Objective: To review the evidence for a systematic relationship between cancer patients’ pre-treatment expectations (anticipated side effects) and subsequent experience of treatment-related side effects, and to compare this relationship in patients with no prior treatment experience (cognitive expectations) and with some prior treatment experience (conditioned response). Methods: A total of 12,952 citations were identified through a comprehensive search of the literature published on or before November 2016 and screened against inclusion criteria. Studies were eligible if they included participants undergoing curative treatment for cancer, measured a treatment side effect, examined the relationship between anticipation and experience of side effects, and reported quantitative data. Results: Thirty-one studies were included in the review and meta-analysis (total N = 5069). The side effects examined were nausea (anticipatory and post-treatment), vomiting, fatigue, pain, problems with concentration, and skin reactions. Meta-analyses indicated positive associations between anticipation and subsequent experience for all included side effects in patients with no prior treatment exposure (r = 0.153–0.431). Stronger associations were found for all included side effects in patients with previous treatment experience (r = 0.211–0.476), except for fatigue (r = 0.266) and pain (r = 0.235). No significant differences were found when overall effect sizes for patients with and without prior treatment exposure were compared for each side effect, except for anticipatory nausea (p = 0.012). Conclusion: These results may have implications for future interventions that target patients’ expectations of cancer treatment-related side effects. Future research could explore patient reports of messages received about likely treatment effects both before and during treatment.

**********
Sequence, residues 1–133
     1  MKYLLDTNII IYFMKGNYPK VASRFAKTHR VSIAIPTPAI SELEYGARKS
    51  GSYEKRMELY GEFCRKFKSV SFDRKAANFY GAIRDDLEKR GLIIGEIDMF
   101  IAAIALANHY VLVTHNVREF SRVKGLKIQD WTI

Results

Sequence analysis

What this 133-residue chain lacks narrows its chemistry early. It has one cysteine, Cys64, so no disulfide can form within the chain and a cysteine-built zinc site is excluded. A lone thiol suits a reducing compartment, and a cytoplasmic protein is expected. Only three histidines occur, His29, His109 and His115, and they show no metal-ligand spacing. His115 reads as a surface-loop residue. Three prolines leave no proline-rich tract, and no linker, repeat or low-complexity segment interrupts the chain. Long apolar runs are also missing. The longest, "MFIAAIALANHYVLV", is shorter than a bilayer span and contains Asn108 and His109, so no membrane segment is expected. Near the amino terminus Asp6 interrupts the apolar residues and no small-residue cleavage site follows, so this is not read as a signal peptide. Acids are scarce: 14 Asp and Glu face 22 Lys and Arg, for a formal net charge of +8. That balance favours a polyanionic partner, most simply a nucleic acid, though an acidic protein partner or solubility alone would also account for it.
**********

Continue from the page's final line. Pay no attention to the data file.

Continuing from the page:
- Cancer treatment
- Side effects